In the last 15 years, the number of corporations publicly traded on American stock exchanges dropped 44 percent. Are we seeing the twilight of the public corporation - at least as they currently exist? We'll talk about the problems with public corporations and how they would rethink the purpose and role of the public corporation.
Gerald Davis, professor of management at the Ross School of Business and professor of sociology at the University of Michigan, will join The Daily Circuit Wednesday. He wrote about reimagining the corporation earlier this year:
The problems of increasing inequality, decreasing mobility, and greater economic insecurity in the United States are in large part due to the collapse of the traditional American corporation. For most of the twentieth century, vertically integrated, shareholder owned corporations were the central pillars of the American economy, producing goods and services, providing secure employment and opportunities for advancement, ensuring social welfare for employees and their dependents, and offering a vehicle for retirement savings. Due to the success of the "shareholder value" movement and the widespread Nikefication of the American economy over the past generation, however, public corporations have become less concentrated, less integrated, less interconnected at the top, shorter lived, less remunerative for average investors, and less prevalent since the turn of the 21st century.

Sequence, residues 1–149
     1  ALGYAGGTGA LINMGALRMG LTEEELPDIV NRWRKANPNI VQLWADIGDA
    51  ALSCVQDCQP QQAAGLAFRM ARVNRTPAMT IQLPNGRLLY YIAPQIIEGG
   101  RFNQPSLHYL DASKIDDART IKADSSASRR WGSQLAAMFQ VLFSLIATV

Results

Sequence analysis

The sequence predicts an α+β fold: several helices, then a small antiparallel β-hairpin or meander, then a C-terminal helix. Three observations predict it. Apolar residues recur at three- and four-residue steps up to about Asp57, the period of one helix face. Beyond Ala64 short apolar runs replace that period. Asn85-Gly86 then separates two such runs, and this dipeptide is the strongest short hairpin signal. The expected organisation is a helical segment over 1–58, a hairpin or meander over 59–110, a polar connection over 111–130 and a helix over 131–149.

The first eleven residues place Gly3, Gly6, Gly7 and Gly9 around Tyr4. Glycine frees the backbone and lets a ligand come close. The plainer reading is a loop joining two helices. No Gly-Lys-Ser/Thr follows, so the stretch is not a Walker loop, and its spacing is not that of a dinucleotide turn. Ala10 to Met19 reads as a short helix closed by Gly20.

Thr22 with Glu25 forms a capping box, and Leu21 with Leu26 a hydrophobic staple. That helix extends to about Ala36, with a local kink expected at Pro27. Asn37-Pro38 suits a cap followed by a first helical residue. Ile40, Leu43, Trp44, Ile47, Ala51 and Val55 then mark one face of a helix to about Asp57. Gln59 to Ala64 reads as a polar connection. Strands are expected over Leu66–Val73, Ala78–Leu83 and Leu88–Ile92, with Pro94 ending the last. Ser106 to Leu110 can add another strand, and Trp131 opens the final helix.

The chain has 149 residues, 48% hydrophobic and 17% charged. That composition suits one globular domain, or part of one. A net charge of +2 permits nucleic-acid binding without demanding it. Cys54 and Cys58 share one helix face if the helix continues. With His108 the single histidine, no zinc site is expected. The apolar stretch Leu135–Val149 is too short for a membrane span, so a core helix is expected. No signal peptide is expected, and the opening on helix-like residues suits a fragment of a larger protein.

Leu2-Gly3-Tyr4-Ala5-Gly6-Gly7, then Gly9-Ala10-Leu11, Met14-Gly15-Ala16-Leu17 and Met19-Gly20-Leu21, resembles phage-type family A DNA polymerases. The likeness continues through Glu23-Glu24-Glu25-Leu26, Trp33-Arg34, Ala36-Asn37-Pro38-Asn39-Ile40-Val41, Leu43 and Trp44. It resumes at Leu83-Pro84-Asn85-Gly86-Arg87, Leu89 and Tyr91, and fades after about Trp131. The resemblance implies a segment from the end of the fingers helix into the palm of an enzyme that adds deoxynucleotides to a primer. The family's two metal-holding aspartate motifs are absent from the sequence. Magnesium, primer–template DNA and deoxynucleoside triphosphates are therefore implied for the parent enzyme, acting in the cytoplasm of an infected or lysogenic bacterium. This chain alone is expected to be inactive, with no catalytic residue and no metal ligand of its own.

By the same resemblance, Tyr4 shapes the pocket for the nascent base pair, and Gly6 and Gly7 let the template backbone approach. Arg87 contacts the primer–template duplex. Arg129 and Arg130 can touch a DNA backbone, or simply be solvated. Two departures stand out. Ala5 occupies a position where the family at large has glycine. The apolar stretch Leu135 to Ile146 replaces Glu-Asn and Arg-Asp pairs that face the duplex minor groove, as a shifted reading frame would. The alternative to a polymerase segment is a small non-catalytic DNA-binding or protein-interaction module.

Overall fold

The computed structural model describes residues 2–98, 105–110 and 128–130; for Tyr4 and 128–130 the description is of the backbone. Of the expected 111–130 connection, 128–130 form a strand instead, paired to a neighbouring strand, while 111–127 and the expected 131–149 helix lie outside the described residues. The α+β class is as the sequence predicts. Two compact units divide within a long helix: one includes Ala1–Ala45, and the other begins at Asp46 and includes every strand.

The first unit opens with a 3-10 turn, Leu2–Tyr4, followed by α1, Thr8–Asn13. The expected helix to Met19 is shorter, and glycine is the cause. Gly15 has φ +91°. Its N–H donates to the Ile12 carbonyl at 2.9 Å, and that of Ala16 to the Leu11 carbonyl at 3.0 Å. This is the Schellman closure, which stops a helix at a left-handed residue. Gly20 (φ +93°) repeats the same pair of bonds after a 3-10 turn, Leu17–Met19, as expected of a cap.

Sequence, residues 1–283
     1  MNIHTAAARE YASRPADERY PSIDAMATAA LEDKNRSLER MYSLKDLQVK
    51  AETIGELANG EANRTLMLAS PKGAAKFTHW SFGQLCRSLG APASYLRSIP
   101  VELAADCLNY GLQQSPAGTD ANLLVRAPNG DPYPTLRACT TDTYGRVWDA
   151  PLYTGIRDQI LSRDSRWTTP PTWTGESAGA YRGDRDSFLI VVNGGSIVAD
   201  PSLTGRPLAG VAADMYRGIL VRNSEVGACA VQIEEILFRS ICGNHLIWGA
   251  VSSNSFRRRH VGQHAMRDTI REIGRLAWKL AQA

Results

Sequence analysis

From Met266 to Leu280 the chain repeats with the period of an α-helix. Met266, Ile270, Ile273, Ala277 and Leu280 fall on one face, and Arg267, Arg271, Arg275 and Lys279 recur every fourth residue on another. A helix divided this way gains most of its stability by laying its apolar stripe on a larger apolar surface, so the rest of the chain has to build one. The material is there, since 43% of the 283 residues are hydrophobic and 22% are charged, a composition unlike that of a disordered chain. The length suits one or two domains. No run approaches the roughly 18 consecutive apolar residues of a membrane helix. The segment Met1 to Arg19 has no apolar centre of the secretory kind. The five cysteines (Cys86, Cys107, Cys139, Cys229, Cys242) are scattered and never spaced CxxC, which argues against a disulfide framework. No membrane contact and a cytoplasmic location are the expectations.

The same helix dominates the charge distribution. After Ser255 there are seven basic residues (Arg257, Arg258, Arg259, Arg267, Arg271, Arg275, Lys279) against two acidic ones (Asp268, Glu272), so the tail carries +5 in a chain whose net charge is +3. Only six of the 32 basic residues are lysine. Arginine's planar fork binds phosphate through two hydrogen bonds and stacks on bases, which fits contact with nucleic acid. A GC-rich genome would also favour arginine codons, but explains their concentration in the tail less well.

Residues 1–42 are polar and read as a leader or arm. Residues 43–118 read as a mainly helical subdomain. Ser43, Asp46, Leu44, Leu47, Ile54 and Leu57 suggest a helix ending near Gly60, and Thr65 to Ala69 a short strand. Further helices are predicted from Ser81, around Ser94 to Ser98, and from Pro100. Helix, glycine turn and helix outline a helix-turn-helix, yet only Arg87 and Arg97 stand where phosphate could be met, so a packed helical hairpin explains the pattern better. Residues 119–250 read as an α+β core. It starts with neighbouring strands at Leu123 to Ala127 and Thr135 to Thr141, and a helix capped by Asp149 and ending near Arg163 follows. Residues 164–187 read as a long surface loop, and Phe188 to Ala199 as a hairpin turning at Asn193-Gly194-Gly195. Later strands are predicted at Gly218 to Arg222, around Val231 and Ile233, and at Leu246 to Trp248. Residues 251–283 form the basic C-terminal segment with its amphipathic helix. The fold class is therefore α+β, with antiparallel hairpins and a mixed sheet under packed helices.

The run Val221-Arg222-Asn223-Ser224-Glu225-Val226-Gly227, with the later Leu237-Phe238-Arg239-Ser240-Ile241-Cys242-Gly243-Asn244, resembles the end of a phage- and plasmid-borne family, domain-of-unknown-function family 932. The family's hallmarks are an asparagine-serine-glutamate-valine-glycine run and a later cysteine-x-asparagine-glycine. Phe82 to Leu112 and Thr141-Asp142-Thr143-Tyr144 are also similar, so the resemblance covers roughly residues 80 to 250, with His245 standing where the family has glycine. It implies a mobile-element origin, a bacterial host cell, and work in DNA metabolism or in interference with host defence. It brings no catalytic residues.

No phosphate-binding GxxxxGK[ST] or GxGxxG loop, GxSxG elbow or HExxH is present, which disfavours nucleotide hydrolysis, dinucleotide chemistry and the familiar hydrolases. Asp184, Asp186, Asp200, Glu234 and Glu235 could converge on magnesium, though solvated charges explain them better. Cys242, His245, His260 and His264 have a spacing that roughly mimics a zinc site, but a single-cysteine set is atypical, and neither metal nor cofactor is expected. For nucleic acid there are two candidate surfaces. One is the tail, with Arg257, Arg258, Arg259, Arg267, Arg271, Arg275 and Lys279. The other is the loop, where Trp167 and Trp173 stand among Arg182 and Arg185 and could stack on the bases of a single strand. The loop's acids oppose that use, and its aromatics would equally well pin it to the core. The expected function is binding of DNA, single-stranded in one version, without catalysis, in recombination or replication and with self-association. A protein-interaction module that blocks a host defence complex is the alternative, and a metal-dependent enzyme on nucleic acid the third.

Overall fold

Lynn Stout, professor of corporate and business law at Cornell University Law School, will also join the discussion.
VIDEO: Beyond public and private corporations
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